Washington, D.C. Newsroom, Jun 18, 2020 / 23:00 pm
A Catholic high school in Wisconsin will not change its name from “Columbus Catholic High School” after a petition from alumni and other members of the community requested the change. But with Columbus statues coming down in cities across the country, one expert says the explorer has been mischaracterized.
The Wisconsin petition, which was started by three recent graduates of the high school, demands that the name of the school be changed and that a statue of Christopher Columbus be removed from the front of the school.
The petition charged that Columbus “acted in deeply racist ways,” mistreated and enslaved indigenous people, and “represents racism and hatred.”
But David Eaton, the president of Columbus Catholic Schools, explained in a letter several reasons why the schools would not be changing their name. Eaton’s letter was initially published on a Facebook page for alumni of the school, and was subsequently re-published in local media.
Columbus Catholic Schools includes two schools--Columbus Catholic High School and Columbus Catholic Middle School--both named after Christopher Columbus.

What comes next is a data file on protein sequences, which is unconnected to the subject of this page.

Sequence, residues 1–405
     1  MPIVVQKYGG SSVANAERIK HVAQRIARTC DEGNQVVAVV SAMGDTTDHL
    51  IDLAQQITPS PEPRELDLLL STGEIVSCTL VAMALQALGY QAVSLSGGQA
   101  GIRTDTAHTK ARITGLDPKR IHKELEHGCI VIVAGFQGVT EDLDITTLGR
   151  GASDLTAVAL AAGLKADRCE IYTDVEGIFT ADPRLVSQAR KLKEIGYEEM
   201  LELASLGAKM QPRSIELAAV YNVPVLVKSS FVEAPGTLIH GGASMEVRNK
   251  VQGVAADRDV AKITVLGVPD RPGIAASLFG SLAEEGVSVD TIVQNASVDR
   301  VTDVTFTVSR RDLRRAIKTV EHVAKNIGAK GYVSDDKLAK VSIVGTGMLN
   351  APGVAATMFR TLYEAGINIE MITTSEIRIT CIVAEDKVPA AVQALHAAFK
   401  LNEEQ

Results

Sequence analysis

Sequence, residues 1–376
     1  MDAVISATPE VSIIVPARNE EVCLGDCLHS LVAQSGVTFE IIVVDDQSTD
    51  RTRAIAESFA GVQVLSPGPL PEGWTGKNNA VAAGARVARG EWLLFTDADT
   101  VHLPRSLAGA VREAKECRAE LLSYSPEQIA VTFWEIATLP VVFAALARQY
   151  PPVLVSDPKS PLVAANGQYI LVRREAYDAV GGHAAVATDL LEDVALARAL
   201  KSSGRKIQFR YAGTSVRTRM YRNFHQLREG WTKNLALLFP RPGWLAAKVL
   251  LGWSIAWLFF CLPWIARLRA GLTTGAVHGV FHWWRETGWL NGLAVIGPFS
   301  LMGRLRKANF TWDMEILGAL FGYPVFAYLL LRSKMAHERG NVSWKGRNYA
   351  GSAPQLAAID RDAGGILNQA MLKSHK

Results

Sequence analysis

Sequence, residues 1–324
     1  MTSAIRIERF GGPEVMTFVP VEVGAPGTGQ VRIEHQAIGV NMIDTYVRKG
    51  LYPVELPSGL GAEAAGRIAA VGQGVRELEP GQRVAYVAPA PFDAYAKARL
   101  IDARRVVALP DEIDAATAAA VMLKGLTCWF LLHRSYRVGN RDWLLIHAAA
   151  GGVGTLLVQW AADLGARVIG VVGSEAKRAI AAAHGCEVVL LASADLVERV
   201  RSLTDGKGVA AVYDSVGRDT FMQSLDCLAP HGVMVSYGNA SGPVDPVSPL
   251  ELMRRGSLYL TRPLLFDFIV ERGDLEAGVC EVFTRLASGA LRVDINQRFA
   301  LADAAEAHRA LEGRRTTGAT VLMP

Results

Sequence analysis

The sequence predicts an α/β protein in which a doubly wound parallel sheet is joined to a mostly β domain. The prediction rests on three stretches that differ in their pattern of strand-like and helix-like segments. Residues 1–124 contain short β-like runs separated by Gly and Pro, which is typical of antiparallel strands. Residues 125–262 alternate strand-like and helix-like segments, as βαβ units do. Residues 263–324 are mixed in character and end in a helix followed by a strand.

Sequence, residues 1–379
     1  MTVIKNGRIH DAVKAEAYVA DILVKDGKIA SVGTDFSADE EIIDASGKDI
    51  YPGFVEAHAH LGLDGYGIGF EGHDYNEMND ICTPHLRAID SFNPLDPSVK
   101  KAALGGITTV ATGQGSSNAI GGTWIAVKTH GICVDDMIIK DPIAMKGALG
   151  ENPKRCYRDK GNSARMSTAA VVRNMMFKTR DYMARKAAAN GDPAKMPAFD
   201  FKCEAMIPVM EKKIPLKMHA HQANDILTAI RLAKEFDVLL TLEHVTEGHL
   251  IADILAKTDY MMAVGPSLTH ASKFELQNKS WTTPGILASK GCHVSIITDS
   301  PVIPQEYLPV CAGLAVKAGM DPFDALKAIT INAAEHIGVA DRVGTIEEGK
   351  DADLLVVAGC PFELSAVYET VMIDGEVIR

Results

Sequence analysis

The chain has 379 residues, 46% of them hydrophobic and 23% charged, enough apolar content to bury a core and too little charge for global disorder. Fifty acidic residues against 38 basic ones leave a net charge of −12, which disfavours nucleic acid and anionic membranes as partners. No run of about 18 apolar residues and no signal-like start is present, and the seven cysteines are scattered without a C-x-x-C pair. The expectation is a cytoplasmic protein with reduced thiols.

The reason the schools were named, Eaton explained, was not out of blind admiration for the 15th-century Italian explorer. Rather, it was done to honor the people who funded the construction of the school — local Knights of Columbus.
“Like all histories, the history of Columbus Catholic Schools is long and somewhat complicated,” Eaton began his letter. He explained that in 1882, the first Catholic church in the town of Marshfield, Wisconsin was completed, with the city’s first Catholic school coming six years later.
In 1915, the Knights of Columbus chartered a council in the town, and the area’s Catholic population grew until it became clear there was a need for a new high school.